One of my favorite RPG memes deals with players never using their resources. There is always a better time to use a potion, increase your stats, eat some cheese, often resulting in these items going unused. Most games try to counter this with some kind of limit, which always gets me if it prevents opening a chest, or so difficult that these resources are actually needed. In the case of Monster Menu: The Scavenger’s Cookbook the whole experience centered around burning through your resources. It’s a novel concept, which given Nippon Ichi Software’s history of RPGs could work, but does it solve the issue, or is the food not worth the experience?
Monster Menu: The Scavenger’s Cookbook joins the ever growing list of titles that rely on environmental storytelling. After being cursed by eating part of a bug, players need to survive a 100 floor dungeon to break the curse. Beating a boss reveals something about previous adventurers, with the final boss explaining everything prior to the start of the game. Everything beyond this is located in a large number of collectibles that add context to this world. It’s a divisive choice that isn’t saved by gameplay.
At its core Monster Menu: The Scavenger’s Cookbook is a painfully generic tactical RPG. Players control up to four characters who move across a grid to defeat enemies. Combat is little more than moving or attacking, with even special attacks being underwhelming. At most you’ll position someone to attack multiple foes, hit a weaker spot, or exploit an elemental weakness.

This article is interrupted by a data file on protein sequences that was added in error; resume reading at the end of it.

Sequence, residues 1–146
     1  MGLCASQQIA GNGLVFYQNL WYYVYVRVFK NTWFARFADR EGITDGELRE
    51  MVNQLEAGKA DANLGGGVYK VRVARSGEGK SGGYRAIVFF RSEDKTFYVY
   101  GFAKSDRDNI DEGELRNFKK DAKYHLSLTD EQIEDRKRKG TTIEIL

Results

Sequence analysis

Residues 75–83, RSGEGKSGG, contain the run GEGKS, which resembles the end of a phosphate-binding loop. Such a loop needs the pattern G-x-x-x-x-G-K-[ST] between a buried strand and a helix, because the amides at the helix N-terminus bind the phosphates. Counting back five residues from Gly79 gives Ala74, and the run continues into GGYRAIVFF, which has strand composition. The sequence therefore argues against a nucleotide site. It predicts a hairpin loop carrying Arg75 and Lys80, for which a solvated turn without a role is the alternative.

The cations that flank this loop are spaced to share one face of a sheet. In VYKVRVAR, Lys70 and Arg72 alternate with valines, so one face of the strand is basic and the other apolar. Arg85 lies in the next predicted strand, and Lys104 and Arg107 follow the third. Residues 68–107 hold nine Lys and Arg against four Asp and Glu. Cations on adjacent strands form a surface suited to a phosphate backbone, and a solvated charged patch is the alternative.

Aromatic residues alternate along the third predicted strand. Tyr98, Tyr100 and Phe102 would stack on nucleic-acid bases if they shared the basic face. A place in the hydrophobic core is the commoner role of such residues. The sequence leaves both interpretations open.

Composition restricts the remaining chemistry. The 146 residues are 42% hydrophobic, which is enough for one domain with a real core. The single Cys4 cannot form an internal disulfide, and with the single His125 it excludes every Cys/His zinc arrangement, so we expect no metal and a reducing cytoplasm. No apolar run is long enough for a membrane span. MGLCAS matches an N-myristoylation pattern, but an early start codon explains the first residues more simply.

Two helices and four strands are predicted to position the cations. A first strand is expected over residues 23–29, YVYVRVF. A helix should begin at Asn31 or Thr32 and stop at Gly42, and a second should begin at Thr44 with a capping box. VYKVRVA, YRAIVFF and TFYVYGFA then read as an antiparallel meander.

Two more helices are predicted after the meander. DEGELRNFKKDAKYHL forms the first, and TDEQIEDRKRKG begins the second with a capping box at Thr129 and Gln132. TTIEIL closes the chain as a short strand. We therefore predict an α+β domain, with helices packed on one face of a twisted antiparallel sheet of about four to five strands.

While this can be tedious, most of Monster Menu: The Scavenger’s Cookbook will be spent on the cooking aspect. When exploring locations characters will lose calories/hydration. Literally everything has some impact on these elements as well. Cold locations burn more calories, hot locations make people thirsty faster, running uses more than walking, even fundamental concepts like moving a unit during combat has a cost associated with it. As a result, players need to collect as many resources to cook between levels if they want to survive.
This makes the first couple of hours really unenjoyable. Unless you use a recipe guide, which we will have ready on release, you’re limited to what recipes you figure out, or were blessed with through random chance. Even with these resources you’ll be unable to make a number of dishes without first repairing the various cooking utensils. All of this is extremely important to do as cooking also boosts character stats.